Wall: Kahn would remove the top part of the wall across from the range, even though that means he’d be losing some cabinets and therefore sacrificing storage space.
Island/Countertops: He’d build an island there. He’d go with white Carrara marble, which has simple gray veining, is nice and bright, and will be relatively easy to maintain. It should cost around $10,000.
Backsplash: He’d either run that same marble up the wall to serve as a backsplash or get simple white subway tiles. He advises using raven-colored or dark gray grout between the tiles because white grout yellows over time, while the gray will just stay gray. Subway tiles should cost about $2.50 per square foot.
Cabinets: Kahn recommends removing the rickety old cabinets and replacing them with painted white cabinets. He’d also add more cabinets underneath the window to replace the ones he loses by building the island. You can buy stock cabinets for around $8,000. Custom pieces will be more.
Floor: He’d run the same flooring in here that he does in the living room for continuity’s sake—either wood or black-and-white checkerboard tiles.
Appliances: Kahn thinks that the stove looks pretty new and the fridge looks decent. To save money, he’d leave both. He recommends adding a dishwasher to make life easier. This Maytag dishwasher is $527 at The Home Depot.
Sink/Faucet: The sink and faucet could stand to be updated. This Elkay under-mount sink is $446. This Kohler single-handle pull-down spray faucet is $449 at eFaucets.com.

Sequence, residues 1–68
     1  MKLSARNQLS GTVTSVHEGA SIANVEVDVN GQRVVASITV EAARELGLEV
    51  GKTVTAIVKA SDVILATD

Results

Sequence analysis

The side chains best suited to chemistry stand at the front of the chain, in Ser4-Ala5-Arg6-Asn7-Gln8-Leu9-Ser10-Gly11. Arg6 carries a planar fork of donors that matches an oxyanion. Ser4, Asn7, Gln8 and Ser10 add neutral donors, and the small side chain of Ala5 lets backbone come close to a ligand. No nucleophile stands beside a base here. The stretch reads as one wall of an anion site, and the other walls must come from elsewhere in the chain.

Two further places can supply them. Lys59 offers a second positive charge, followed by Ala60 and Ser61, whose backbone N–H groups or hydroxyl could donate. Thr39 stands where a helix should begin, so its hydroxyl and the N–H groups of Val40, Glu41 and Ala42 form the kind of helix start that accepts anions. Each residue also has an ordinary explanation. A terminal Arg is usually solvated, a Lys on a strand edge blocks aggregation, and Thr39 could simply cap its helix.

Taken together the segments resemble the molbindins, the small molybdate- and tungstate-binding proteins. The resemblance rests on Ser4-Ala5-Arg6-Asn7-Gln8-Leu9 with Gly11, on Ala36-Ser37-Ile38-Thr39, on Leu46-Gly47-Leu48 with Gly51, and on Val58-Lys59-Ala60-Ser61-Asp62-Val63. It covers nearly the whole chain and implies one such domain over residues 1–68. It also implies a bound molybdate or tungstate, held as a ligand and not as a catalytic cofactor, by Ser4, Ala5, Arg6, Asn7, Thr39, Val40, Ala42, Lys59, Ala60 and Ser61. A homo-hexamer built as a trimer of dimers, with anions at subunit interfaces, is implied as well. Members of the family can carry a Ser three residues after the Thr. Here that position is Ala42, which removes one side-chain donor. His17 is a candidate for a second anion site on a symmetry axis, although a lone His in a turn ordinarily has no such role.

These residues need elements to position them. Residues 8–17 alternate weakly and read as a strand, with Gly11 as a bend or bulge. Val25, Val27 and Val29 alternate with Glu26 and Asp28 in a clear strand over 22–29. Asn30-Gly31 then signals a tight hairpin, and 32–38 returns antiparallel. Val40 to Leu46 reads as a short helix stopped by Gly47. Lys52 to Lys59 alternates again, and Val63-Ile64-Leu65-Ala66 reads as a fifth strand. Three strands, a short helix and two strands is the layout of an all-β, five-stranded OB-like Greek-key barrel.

Lighting: He’d put in under-cabinet lights and a surface-mounted elongated fixture up top that’ll simultaneously provide up-light and down-light. These under-cabinet LED strip lights are $37 for four at Wayfair. Prices for this Minilux SQ from ModuLightOr vary based on size and specs.
Fix the flooring in the bedrooms
Floors: He’d run the same flooring from the living room into both bedrooms for continuity’s sake.
Paint: You can go with white to keep things neutral or you can use color if you’d like, Kahn says. It all depends on your preferences and what the room is going to be used for. A nursery will be a different color than an office, after all, he says.
Window treatments: He’d hang curtains from the ceiling in both bedrooms just like he did in the living room, but would opt for opaque ones instead of sheer since you want to block the light out more in a bedroom.
Air conditioner: The second bedroom doesn’t have an a/c, so Kahn would have one installed. This Frigidaire Cool Connect Window Air Conditioner is $272 at The Home Depot.
Lighting: He’d go with another simple ModuLightOr fixture on the ceiling so that “you’ll become more conscious of the light itself than the fixture.”
The bath is a mystery
There aren’t any photos of the bath, but Kahn says it will likely need to be gutted. Replacing everything should cost between $30,000 and $40,000.
Treat the terrace like an outdoor room
“It’s an extra outdoor room,” Kahn says. “You should furnish it as though it’s an extension of your living room,” and stick to similar colors and textures.
Furniture: Kahn suggests adding a bistro table and a couple of chairs to add a nice homey feel. This three-piece French Café Bistro set has a table and two chairs for $140 at Wayfair.
Plants: “It’s also always nice to have potted plants on a terrace,” he says, noting that it makes a space feel more cozy. These begonia floral arrangements in black pots are $59 at Wayfair.
You Might Also Like